That still goes on today to some extent, but over the last 10 years, because of enormous efforts by the community and indeed right across Canada, particularly by drug users themselves who began to speak out about their own experience, the situation began to change.

It is very easy in our society to vilify and demonize drug users. It is very easy to label people as “criminals” and to label a drug user as a trafficker. In fact, under the law, even passing a joint to someone would be characterized as trafficking.

Not only are we trying to overcome the severe health and safety impact in terms of drug use in the downtown east side, but we’re also trying to deal with the terrible stigma and stereotyping that surrounds drug users.

The fact is that drug use exists at all levels of society. There are lawyers, professionals, engineers and all kinds of people who use drugs, whether medical or non-medical. If it is a prescription, that might be a substance use problem as well, whether a person gets it from a doctor or gets it on the street. It may be that a person is using drugs for recreational purposes, maybe marijuana.

It exists at all levels of society, but it is very much a class issue, because the enforcement regime that we have in this country, similar to the United States, is very much leveled at visible drug use on the street, basically people who are poor, people who are facing that stigma and often people facing challenges of mental health.

It is very much an issue that pertains to the poorest in our society who are involved in drug use and the enforcement, primarily in this country, as in the United States, has been leveled at those people.

About 73% of federal dollars on drug policy in Canada go toward enforcement. Only 2.6% goes to prevention, only 2.6% goes to harm reduction and about 14% to treatment. That is a very uneven balance.

For example, when the Auditor General audited drug policy in this country a few years ago, she remarked upon this and posed a question: What was the impact? What was the value? What were we getting for such a high emphasis on an enforcement and interdiction regime when drug use is actually going up in Canada?

It might interest people to know that in 1994, 28% of Canadians reported having used illicit drugs, but by 2004 that number was at 45%. Certainly, the policies we have had that have been so focused on the criminal regime and the criminalization of drug users have been completely ineffective. We only have to look south of the border, where the so-called war on drugs has unleashed billions and billions of dollars and where we see massive numbers of people incarcerated, to see what a failure it is.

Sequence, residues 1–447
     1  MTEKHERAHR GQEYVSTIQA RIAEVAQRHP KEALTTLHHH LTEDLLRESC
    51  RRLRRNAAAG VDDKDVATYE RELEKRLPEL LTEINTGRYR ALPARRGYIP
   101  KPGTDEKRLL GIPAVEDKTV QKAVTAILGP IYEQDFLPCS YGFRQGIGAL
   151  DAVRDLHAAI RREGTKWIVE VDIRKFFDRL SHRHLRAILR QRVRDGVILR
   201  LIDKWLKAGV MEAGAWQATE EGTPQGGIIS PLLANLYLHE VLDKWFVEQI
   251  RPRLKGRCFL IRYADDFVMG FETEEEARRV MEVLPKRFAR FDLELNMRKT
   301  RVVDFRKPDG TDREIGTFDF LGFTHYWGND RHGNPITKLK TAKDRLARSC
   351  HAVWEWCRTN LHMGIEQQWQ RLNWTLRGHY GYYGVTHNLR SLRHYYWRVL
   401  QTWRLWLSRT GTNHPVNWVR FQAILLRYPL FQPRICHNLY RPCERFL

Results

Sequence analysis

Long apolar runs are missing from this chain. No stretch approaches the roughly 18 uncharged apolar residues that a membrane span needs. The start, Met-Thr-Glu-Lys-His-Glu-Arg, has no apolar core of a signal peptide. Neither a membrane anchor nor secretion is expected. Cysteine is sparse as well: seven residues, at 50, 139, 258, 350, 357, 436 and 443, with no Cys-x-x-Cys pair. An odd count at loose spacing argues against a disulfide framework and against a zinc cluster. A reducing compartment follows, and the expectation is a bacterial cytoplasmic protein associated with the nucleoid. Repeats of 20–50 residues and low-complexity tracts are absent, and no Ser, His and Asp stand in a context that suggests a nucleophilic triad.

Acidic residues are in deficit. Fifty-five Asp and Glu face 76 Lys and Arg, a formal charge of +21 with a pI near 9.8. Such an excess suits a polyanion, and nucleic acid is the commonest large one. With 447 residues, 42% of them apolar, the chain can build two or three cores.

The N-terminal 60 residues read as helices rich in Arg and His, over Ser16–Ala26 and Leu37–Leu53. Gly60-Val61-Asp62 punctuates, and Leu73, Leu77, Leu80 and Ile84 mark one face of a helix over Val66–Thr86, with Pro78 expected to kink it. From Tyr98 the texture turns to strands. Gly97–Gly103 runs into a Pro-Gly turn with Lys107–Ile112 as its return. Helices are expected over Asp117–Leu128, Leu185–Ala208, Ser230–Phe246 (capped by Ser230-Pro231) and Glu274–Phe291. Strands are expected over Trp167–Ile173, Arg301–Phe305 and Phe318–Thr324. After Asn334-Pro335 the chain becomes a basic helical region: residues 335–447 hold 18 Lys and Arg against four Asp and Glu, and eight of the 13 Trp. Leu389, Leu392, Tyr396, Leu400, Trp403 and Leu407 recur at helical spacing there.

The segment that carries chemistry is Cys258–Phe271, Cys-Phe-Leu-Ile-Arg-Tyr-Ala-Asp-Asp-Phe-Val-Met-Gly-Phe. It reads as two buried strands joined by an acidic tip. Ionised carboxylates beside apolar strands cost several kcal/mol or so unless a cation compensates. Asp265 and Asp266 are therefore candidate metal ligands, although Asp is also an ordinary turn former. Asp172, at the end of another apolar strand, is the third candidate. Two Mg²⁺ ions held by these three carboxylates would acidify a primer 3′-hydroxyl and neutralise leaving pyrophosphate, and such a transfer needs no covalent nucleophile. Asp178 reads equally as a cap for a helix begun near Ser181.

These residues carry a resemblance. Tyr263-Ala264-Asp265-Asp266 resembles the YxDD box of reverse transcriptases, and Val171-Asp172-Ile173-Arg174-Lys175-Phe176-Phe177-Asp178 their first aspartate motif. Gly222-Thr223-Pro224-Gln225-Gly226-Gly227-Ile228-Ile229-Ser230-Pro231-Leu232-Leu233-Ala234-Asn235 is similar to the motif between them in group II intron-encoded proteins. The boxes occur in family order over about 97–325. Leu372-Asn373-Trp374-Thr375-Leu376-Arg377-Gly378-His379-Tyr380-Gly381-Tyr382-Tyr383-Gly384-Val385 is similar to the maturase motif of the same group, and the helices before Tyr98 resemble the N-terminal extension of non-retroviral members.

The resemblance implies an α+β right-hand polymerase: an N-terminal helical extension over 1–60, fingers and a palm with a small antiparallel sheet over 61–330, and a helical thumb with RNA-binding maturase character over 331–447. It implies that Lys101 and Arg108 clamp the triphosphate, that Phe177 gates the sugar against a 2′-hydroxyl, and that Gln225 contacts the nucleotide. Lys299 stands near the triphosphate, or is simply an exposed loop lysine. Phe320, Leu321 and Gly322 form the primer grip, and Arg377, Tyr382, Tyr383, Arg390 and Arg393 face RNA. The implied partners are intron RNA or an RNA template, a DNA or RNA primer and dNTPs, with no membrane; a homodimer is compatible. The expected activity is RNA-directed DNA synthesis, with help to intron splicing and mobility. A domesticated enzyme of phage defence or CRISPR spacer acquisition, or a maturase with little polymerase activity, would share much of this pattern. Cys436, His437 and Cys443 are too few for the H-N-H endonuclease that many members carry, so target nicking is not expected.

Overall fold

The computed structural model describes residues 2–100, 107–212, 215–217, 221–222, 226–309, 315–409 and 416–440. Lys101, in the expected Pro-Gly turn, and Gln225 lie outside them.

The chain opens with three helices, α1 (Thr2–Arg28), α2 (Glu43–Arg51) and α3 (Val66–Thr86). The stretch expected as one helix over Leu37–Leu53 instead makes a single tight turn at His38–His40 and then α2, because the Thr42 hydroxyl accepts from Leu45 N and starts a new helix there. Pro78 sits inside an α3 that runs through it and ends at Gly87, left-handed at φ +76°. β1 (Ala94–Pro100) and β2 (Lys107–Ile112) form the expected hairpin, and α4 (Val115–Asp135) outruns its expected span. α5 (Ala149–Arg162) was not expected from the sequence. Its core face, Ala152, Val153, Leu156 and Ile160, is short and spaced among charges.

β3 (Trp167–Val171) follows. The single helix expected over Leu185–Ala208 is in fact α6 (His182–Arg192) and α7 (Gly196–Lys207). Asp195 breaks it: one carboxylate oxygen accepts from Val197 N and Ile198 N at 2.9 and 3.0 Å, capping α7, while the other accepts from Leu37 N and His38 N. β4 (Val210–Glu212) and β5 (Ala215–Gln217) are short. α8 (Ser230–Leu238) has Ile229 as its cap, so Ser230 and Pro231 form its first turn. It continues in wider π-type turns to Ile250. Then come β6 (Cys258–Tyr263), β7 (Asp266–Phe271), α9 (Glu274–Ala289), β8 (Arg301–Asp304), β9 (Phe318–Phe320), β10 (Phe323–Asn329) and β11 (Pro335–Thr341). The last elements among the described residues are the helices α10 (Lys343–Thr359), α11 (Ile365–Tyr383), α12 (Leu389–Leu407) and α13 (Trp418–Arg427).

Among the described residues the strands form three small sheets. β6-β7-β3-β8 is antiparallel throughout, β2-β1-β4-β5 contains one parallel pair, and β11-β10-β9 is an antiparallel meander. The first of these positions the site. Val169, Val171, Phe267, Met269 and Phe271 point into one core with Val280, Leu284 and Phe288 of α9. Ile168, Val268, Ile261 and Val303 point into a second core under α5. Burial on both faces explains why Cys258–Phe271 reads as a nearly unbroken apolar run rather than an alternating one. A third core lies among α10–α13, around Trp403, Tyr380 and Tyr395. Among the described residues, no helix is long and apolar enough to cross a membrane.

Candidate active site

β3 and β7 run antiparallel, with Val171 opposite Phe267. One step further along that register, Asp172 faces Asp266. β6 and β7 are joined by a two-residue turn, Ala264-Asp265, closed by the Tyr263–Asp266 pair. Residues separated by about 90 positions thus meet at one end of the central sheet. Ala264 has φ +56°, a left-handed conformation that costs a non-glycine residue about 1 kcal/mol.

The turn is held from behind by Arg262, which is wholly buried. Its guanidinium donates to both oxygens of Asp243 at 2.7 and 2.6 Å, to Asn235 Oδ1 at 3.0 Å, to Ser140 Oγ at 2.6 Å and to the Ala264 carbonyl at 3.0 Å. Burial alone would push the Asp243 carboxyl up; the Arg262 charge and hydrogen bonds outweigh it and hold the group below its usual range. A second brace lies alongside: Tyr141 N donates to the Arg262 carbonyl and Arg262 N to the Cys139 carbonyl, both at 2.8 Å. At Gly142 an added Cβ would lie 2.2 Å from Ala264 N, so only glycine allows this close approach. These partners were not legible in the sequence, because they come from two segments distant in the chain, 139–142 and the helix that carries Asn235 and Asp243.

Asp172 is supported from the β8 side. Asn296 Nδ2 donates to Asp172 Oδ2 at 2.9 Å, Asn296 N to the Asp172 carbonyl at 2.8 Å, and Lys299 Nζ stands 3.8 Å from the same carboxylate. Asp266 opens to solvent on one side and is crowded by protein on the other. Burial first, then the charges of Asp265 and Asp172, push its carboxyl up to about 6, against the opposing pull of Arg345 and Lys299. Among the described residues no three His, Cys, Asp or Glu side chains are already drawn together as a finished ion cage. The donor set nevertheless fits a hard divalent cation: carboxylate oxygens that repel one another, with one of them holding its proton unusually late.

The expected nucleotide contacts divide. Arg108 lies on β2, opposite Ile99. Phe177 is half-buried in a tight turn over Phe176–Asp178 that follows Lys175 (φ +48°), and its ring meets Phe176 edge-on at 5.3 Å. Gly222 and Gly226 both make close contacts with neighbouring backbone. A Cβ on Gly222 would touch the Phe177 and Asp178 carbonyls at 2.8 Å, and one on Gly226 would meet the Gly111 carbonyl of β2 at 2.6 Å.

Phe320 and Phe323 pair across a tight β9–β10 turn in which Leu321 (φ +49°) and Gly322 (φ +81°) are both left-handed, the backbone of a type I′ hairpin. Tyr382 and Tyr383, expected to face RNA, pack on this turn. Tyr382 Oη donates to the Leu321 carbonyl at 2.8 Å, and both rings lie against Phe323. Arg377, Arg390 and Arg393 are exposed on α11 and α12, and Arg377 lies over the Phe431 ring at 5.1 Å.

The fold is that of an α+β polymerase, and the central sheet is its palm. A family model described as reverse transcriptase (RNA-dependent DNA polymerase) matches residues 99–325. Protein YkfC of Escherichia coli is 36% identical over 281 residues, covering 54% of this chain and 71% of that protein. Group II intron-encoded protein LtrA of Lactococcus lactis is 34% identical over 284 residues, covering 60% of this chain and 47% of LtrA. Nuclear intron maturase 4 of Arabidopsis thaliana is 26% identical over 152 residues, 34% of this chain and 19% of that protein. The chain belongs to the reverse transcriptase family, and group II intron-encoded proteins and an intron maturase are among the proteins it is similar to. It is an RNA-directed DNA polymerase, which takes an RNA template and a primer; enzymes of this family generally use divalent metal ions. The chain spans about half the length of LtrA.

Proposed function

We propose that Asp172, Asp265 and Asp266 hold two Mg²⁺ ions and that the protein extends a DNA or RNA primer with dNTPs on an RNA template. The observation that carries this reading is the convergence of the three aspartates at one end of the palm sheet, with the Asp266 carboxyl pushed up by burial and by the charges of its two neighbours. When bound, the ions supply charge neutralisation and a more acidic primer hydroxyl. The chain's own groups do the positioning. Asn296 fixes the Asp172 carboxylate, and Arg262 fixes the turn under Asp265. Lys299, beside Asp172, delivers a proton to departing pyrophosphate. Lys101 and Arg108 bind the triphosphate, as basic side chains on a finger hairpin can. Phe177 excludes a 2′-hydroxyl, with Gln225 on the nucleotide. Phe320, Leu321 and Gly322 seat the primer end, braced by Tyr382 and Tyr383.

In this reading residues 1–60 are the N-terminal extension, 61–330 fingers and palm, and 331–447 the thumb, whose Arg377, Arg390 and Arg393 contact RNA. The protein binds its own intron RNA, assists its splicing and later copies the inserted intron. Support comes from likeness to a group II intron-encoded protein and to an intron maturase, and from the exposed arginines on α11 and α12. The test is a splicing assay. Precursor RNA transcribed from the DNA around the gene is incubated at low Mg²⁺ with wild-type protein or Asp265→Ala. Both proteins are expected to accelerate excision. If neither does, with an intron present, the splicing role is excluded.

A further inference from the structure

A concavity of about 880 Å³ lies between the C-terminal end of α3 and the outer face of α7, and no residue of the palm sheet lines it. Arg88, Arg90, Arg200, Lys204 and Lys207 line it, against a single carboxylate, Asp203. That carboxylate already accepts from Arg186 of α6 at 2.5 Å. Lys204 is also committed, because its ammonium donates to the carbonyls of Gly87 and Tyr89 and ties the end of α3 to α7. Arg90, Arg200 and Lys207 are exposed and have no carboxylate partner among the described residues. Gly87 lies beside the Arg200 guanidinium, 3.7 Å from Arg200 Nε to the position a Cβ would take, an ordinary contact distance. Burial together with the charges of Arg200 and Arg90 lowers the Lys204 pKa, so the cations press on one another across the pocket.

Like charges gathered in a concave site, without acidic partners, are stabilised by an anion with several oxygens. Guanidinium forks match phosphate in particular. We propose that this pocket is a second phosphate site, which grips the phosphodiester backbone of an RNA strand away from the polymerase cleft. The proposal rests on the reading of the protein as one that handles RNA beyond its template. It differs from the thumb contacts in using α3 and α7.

Canada did have what was called the four-pillar approach, which was enforcement, harm reduction, prevention and treatment. That was adopted under a previous government. There was always an imbalance and an overemphasis on enforcement, but at least that four-pillar approach was there. I have to say that it actually began in Vancouver as a grassroots, bottom-up approach and then spread across the country.

This bill would take a radical departure from that four-pillar approach by emphasizing the enforcement regime even more, taking it to some greater lengths by bringing in a regime of mandatory minimum sentencing. I think this is a huge mistake. There is no question that it is the core of the Conservative government’s agenda around crime. It is about the political optics. I have called it the politics of fear. People are concerned about drug use and crime in their communities. They are particularly concerned about young people being involved in using drugs. However, this bill will not deal with that. This bill will not change that situation. In fact, the evidence from both Canada and the United States shows us that the opposite will happen. It will only make the situation worse.

I want to note in the record that a Department of Justice study in 2002 concluded that mandatory minimum sentences are the least effective in relation to drug offenses. The report said:

Mandatory minimum sentences do not appear to influence drug consumption or drug-related crime in any measurable way. A variety of research methods concludes that treatment-based approaches are more cost effective than lengthy prison terms. MMS are blunt instruments that fail to distinguish between low and high-level, as well as hardcore versus transient drug dealers.

In fact what it will do is completely create chaos in our judicial system, in the court system. We know that for any mandatory minimums that are two years or less when people end up in the provincial court system, we are now going to be facing a huge overload in the provincial court system. Do the provinces know that? I kind of wonder if they realize what is coming down the pipe here.

We will also see situations where people are more likely to plead not guilty because they know that they will be facing a mandatory minimum.

This idea that we are going up to the kingpins just does not play out, because those are the individuals who are in the best position to negotiate with prosecution officials and so on. Again history has shown us that with enforcement, the easy pickings are basically people who are low-level dealers. They are often users themselves. This bill will be so punitive in terms of individual people, but the worst thing is it will not change the outcome.

In speaking to the bill, I feel this is a critical point: are we going to go down this path where we say that tougher laws and enforcement are going to solve drug issues in local communities?

The Conservative members have clearly said that. I am very interested to see what the Liberal caucus does with this bill. I hope that we can defeat it. I hope we can say it is not the right way to go. The NDP does not think the bill should go through. It is not based on good public policy. It is going to be harmful and expensive. It is really time to embark on a common sense approach and accept the overwhelming evidence that the war on drugs has caused more death, pain, harm and crime than we can bear. It is time to stop it.